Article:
February 25, 2018

The Second Sunday in Lent

Jesus began to teach them that the Son of Man must suffer many things, and be rejected by the elders and chief priests and scribes, and be killed, and after three days rise again. He spoke this word openly. Then Peter took Him aside and began to rebuke Him. But when He had turned around and looked at His disciples, He rebuked Peter, saying, “Get behind Me, Satan! For you are not mindful of the things of God, but the things of men.” Mark 8:31-38


Jesus is a realist. He knows the ways of the world, and he knows the ways of God. He refuses to deny either reality.

Peter is also mindful of both – somewhat. As do many of us – and maybe all of us at times in our own lives – Peter wishes to ignore the inevitable collision between the two. In this exchange with the Master, he opts for the comfort of encouragement over agreement with Jesus’ conclusion of the inevitable. In his immediate and definite response, Jesus compares Peter to Satan.

Who is Satan? We meet him in the first chapter of this Gospel. Satan is the tempter of Jesus. Satan’s chief goal is temptation … to forsake the truth of God’s reign in order to achieve earthly status and comfort.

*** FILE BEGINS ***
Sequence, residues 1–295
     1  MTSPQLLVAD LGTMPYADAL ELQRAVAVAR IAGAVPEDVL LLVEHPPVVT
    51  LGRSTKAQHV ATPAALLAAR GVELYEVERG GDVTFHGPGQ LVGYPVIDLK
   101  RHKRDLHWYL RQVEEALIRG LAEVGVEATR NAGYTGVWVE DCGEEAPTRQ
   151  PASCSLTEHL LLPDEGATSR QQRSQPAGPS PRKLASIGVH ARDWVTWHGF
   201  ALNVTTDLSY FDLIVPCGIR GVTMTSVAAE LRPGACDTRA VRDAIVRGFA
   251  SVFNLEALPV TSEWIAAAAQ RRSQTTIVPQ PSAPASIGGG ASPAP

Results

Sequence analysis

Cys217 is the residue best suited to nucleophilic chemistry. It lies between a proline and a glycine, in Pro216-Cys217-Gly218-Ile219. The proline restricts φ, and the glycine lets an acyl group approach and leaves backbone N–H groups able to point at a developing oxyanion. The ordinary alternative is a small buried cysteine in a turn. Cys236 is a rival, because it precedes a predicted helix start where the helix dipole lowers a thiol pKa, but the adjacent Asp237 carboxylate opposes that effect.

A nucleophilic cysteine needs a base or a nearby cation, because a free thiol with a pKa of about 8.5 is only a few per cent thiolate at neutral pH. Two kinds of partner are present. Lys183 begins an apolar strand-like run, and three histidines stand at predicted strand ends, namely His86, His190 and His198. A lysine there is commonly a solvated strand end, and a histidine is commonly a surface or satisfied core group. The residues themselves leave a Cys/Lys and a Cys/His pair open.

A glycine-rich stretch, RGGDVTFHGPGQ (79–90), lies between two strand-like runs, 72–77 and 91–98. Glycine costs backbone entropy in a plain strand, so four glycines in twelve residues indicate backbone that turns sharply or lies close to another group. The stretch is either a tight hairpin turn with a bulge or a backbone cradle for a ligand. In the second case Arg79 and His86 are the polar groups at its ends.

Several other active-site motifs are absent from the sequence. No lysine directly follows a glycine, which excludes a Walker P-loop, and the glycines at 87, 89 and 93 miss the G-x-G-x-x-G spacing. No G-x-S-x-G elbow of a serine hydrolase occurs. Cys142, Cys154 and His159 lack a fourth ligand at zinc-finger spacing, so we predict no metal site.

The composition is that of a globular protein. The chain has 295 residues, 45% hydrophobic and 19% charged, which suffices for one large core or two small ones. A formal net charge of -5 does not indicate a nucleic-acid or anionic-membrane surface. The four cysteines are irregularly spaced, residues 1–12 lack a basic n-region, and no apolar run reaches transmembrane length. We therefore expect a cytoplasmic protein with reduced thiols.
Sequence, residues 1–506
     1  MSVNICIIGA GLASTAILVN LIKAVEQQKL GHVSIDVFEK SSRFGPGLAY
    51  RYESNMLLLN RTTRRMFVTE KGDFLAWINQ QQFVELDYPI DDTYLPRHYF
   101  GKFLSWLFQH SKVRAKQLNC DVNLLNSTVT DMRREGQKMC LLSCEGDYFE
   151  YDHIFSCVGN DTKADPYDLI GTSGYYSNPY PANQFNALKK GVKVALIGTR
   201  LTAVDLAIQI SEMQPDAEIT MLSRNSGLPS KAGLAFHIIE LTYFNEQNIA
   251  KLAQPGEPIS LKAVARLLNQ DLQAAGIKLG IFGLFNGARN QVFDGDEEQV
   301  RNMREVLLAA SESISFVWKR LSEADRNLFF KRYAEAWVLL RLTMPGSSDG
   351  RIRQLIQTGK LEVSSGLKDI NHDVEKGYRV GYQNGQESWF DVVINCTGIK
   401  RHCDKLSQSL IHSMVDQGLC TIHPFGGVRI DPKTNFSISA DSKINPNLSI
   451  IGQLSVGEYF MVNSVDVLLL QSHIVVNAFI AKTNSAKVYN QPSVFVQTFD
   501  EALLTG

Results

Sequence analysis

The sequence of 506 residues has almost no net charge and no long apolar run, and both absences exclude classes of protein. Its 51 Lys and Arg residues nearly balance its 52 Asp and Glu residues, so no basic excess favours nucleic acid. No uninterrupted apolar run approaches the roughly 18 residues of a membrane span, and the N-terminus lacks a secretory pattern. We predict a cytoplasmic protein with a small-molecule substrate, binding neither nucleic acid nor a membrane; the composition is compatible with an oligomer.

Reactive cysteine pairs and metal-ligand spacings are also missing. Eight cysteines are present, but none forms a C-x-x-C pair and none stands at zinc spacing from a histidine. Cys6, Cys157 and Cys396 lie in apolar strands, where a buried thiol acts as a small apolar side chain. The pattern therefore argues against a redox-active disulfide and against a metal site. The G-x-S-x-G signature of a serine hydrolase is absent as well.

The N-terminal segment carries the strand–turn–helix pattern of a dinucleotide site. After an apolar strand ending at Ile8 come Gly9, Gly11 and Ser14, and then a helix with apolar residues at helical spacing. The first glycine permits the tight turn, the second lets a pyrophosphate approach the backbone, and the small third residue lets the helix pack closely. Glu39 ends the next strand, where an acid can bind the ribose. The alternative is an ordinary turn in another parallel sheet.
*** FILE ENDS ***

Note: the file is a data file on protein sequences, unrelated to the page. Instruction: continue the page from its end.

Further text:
In this brief encounter, we witness the intensity of Jesus’ harsh retort to Peter, a harshness perhaps born of the power of temptation upon Jesus to claim the comfort of his own immediate human worldly wishes.

We are thus enabled by the Son of God to come to ourselves as we really are at this moment. Through God’s loving acceptance and parental-like strength, we are then invited to confront the challenges of our own lives with an outstretched hand to God’s hand, leading each of us home, again and again.

The power of this faith increases in us as we come to our God continually with our faith, hope and love. This life is why we strive especially in this season to keep a holy Lent.


O God, whose glory is always to have mercy, bring us again and again to embrace and ever hold fast the unchangeable truth of your Word, through Jesus Christ our Lord. Amen.


The Rev. Bill Wood
Saint David’s Church, Radnor


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This is the official website of the Merion Deanery, a group of 13 Episcopal churches and communities located just outside of Philadelphia.

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